We scraped through Rapids #11 and #12 and popped out on Divide Lake. We decided against the site facing west because we had been in the sun long enough for one day, and checked out the campsite opposite. It was rather slanted and there was a canoe stashed in the bushes there, so we floated down to the next site on the western shore and found it to be pretty excellent, but we were spoiled for choice and wanted to see the last site at the far southern end of Divide.
Curses! Humans! We hadn’t seen anyone all day and thought we might finally be away from the crowds. I suppose three campers aren’t a crowd, but we still weren’t alone. Backtracked to the site we had just left, which really was rather nice and very spacious. Walked ‘upstairs’ to our ‘bedroom’ to set up the tent, and then I was feeling pretty tired so I sat down in my comfy chair by the shore and had a glass of wine while Andrew ran around busying himself.
Andrew suggested climbing the ridge behind our site to see if we could catch a bit of the sunset, so I reluctantly pulled myself out of my chair and plodded uphill. Andrew was walking behind me and we were chatting about trees and mosses and which pine is which, when I noticed a small, etched-glass box sitting on a rock. “What is that? Is that a compass?” I asked, thinking I had found some cool treasure left behind by another camper, and moved in for a closer look.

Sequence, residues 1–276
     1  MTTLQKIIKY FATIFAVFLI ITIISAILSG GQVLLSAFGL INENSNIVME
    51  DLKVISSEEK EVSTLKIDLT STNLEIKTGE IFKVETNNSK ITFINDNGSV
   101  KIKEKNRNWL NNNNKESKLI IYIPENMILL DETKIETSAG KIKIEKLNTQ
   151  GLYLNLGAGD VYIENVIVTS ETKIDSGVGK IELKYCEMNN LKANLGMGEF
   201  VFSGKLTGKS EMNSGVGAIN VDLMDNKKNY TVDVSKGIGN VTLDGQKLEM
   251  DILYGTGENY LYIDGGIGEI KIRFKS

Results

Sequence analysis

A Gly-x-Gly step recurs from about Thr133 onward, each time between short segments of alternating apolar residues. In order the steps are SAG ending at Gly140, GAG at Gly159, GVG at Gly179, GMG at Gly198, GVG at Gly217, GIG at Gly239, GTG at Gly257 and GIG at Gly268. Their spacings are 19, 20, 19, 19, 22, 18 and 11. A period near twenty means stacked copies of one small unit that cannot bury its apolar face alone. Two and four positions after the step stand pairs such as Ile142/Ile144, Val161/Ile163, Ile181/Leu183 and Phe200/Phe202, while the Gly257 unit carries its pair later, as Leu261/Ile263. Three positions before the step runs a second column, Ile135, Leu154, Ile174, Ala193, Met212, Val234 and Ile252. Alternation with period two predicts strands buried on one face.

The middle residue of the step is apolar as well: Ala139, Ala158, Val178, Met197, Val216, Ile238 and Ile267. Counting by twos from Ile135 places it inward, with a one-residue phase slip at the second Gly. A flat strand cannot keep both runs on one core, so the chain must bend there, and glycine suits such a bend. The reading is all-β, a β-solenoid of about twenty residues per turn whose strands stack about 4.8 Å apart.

Suddenly I knew, and I cried out “OH! ANDREW!” as tears and snot started pouring down my face. In the little box was a diamond ring and two gold nuggets, wrapped in a blueberry leaf. I turned around to see Andrew balanced on one knee, grinning like a madman. He said “It’s just the stunt ring, it’s my mom’s old engagement ring, but I’m having another one made for you and I couldn’t wait any longer and I love you so much and want to spend the rest of my life with you and will you marry me?!” or something like that. Blubbering, I yelled “OF COURSE!” and “Aren’t you supposed to put this on my finger or something?” and then I had a good cry and he pretended there was dirt in his eye and we walked back down to our site with goofy smiles on our faces and tears on our cheeks. He then produced another surprise: A beer! Andrew is the king of secret beers. He once stashed one in his pack for a full week in Killarney. This one remained hidden for 9 days. While I was sitting around picking bugs out of my wineglass, he had gone to hide the ring and chill the beer in the lake. What a celebration! I screamed at the top of my lungs “WE’RE GETTING MARRIED!”, probably annoying the campers at the bottom of the lake to no end, and we made Three Sisters Soup with jalapeño-cheddar biscuits for dinner and talked about mushy-lovey-dovey things while a toad invaded our mosquito shelter. What a guy. Andrew, that is, not the toad.